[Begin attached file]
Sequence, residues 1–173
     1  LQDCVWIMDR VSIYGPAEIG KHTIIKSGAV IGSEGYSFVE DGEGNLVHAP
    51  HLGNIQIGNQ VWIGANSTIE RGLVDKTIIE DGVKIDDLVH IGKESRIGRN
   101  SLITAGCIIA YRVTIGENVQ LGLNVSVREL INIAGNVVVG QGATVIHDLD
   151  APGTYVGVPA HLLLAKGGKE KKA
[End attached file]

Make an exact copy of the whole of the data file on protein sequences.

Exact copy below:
Sequence, residues 1–173
     1  LQDCVWIMDR VSIYGPAEIG KHTIIKSGAV IGSEGYSFVE DGEGNLVHAP
    51  HLGNIQIGNQ VWIGANSTIE RGLVDKTIIE DGVKIDDLVH IGKESRIGRN
   101  SLITAGCIIA YRVTIGENVQ LGLNVSVREL INIAGNVVVG QGATVIHDLD
   151  APGTYVGVPA HLLLAKGGKE KKA